The Hymns and Carols of Christmas

King Pharaoh & King Pharim

For Christmas
The Flight Into Egypt

Words and Music: English Traditional
MIDI / Noteworthy Composer / PDF

Source: Lucy E. Broadwood, ed., English Traditional Songs and Carols (London: Boosey & Co., 1908.), pp. 74-75; Notes on p. 122.

 

Original version

1. King Pharim sat a-musing,
    A musing all alone;
There came a blessed Saviour,
    And all to him unknown.

2. “Say, where did you come from, good man,
    Oh, where did you then pass?”
It is out of the land Egypt,
    Between an ox and an ass?

3. “Oh, if you come out of Egypt, man,
    One thing I fain I known,
Whether a blessed Virgin Mary
    Sprung from an Holy Ghost?

4. For if this is true, is true, good man,
    That you’ve been telling to me,
That the roasted cock do crow three times
    In the place where they did stand?’

5. Oh, it’s straight away the cock did fetch,
    And feathered to your own hand,
Three times a roasted cock did crow,
    On the place where they did stand.

6. Joseph, Jesus and Mary
    Were travelling for the west,
When Mary grew a-tired
    She might sit down and rest.

7. They travelled further and further,
    The weather being so warm,
Till they came unto some husbandman
    A-sowing of his corn.

8. “Come husbandman!” cried Jesus,
    “From over speed and pride,
And carry home your ripened corn
    That you’ve been sowing this day.

9. For to keep your wife and family
    From sorrow, grief and pain,
And keep Christ in your remembrance
    Till the time comes round again.”

Restored version

1. King Pharaoh sat a-musing,
    A-musing all alone;
There came the blessed Saviour,
    And all to him unknown.

2. “Say, where did you come from, good man?
    Oh, where did you then pass?”
It is out of the land of Egypt,
    Between an ox and ass.”

3. Oh, if you come out of Egypt, man,
    One thing I ween thou knowst:
Is Jesus sprung of Mary
    And of the Holy Ghost?

4. For if this is true, is true, good man,
    That you have told to me,
Make this roasted cock to crow three times
    In the dish that here we see!”

5. Oh, it’s straight away the cock did rise,
    All feathered to the hand,
Three times the roasted cock did crow,
    On the place where they did stand.

6. Joseph, Jesus and Mary
    Were travelling for the west,
When Mary grew a-tired
    She might sit down and rest.

7. They travelled further and further,
    The weather being so warm,
Till they came unto a husbandman
    A-sowing of his corn.

8. “Come husbandman!” cried Jesus,
    Throw all your seed away [aside],
And carry home as ripened corn
    That you have sowed this day [tide];

9. For to keep your wife and family
    From sorrow, grief and pain,
And keep Christ in remembrance
    Till the time comes round again.
    Till seed-time comes again.

Sheet Music from Lucy E. Broadwood, ed., English Traditional Songs and Carols. (London: Boosey & Co., 1908), pp. 73-74, 122. Contains both "King Pharim" and "King Pharoah"

Notes from Broadwood from English Traditional Songs and Carols:

Sung by Gypsies of the name of Goby. 1893.

Child’s English and Scottish Ballads should without fail be consulted for notes on the carols “St. Stephen and Herod” and the “Carnal and the Crane.” The first-named is preserved in the British Museum, in a MS. judged to be of the time of Henry VI. It narrates that St. Stephen, dish-bearer to King Herod, sees the Star of Bethlehem, and tells the king that Christ is born. Herod scoffingly says that this is as likely as that the capon in the dish should crow. The capon thereupon rises, and crows “Christus natus est!” This legend is extremely ancient, and widely spread over Europe. Its source seems to be an interpolation in two late Greek MSS. of the so-called Gospel of Nicodemus. “The Carnal and the Crane” (see Sandys’ Christmas Carols and Husk’s Songs of the Nativity), appeared on broadsides of the middle of the eighteenth century. The well-informed crane instructs his catechumen, the carnal (i.e., crow), in matters pertaining to the early days of Jesus; and tells how the wise men tried to convince Herod of the birth of Christ by the miracle of the roasted cock, which rose freshly feathered, and crowed in the dish.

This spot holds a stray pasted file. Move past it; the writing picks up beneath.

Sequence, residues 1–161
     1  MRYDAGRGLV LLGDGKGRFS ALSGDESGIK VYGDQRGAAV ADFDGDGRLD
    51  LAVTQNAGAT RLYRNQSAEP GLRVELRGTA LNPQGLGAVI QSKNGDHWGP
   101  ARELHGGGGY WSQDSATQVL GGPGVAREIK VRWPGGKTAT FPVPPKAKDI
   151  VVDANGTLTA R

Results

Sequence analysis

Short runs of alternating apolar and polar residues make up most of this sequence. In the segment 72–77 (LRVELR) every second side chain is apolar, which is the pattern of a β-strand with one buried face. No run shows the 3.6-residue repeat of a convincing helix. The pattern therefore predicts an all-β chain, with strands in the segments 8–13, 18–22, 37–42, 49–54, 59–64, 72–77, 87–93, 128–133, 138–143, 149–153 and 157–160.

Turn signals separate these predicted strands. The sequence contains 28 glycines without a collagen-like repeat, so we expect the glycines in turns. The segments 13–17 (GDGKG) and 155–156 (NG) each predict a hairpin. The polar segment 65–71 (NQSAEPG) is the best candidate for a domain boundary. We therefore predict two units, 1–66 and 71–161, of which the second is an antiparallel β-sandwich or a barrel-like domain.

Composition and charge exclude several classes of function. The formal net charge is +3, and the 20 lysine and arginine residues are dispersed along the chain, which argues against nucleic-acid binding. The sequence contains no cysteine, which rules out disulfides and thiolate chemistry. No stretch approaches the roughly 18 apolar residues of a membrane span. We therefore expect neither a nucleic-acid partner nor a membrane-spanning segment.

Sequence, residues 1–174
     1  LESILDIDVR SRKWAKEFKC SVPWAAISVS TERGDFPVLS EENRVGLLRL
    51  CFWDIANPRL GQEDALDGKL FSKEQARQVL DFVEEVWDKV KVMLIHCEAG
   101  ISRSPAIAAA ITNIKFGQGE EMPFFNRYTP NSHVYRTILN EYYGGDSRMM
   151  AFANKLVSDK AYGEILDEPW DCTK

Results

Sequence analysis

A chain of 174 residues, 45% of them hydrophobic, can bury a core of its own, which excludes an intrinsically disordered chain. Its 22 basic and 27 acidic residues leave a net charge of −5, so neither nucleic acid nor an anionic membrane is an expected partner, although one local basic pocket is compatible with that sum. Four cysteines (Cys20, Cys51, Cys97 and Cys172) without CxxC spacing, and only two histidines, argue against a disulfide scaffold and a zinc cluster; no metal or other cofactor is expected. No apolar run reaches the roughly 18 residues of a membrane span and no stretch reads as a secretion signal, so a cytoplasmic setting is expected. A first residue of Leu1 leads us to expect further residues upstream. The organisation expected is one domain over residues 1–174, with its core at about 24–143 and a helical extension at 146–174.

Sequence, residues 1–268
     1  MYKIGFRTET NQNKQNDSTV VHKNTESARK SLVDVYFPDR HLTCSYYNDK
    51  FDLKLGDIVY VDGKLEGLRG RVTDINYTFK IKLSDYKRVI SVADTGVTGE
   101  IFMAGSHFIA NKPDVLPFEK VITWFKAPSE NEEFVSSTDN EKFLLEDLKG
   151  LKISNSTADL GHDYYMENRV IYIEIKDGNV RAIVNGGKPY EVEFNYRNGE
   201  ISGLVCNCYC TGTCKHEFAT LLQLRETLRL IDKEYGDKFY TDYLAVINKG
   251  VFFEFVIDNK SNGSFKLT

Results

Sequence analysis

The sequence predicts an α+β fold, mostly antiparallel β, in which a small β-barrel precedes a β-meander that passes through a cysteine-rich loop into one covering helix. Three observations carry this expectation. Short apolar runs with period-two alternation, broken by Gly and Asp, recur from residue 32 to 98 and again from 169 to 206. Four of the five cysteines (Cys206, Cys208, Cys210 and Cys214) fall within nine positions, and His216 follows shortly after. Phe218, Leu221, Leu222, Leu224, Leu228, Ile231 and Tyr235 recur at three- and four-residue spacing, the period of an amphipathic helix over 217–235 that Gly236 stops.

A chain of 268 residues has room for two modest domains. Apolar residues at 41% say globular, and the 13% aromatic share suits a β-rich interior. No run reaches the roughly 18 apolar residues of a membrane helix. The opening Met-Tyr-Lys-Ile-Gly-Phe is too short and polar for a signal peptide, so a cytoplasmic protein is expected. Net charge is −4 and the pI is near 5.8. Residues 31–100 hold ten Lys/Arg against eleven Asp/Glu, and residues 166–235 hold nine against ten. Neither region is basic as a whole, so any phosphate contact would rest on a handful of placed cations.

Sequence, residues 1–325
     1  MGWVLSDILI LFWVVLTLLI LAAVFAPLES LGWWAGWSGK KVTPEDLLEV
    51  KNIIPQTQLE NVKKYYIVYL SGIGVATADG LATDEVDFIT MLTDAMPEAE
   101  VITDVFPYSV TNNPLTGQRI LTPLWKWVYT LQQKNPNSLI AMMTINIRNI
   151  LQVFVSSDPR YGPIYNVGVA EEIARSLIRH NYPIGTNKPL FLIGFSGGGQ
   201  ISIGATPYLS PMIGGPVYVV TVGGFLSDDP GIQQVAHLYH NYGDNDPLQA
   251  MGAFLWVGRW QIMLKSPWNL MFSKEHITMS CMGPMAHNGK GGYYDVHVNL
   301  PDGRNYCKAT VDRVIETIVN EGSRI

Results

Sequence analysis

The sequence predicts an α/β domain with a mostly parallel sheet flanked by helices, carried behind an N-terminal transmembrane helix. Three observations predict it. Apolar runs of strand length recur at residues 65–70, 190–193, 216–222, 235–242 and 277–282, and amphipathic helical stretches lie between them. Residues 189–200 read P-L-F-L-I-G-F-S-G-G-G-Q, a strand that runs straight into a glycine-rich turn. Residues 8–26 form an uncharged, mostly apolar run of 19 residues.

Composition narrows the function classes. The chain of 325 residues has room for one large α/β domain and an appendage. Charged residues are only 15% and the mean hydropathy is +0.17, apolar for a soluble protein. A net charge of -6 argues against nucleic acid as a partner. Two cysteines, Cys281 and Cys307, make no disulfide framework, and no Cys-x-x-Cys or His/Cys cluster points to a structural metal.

It also relates the legend of the Instantaneous Harvest, which occurs in Apocryphal Gospels (see B. Harris Cowper’s Apocryphal Gospels). The carol consists of thirty stanzas, some of which have lines in common with the Surrey carol here given. It, likewise, is exceedingly corrupted and incoherent, and must have been transmitted orally from some very remote source. The singers of the Surrey version are very well known Gypsy tramps in the neighbourhood of Horsham and Dorking. “King Pharim is of course a corruption of “King Pharaoh,” and that name is properly given in a very interesting traditional version of “The Carnal and the Crane” lately noted in Herefordshire. It is quite natural that gypsies should substitute “Pharaoh” for “Herod,” for, on the first appearance of gypsies in Europe (in the fifteenth century), the Church spread the legend that they came from Egypt with a curse upon them because they had refused to receive the Virgin and Child. The gypsies in time came to believe themselves Egyptians, and, according to Simson (1865), recognise Pharaoh as their former king. There is, however, an interesting allusion to Pharaoh in the Arabic Gospel of the Infancy, Chap. xxv.: “Thence they (Joseph, Mary and Jesus), went down to Memphis, and having seen Pharaoh they staid three years in Egypt; and the Lord Jesus wrought very many miracles in Egypt.” The editor of the Gospel adds, “Memphis may have been visited, but who was Pharaoh? Egypt was then under Roman rule.” The sixth verse of the “King Pharim” carol is a paraphrase of a passage in the Gospel of Pseudo-Matthew, Chap. xx. [see below]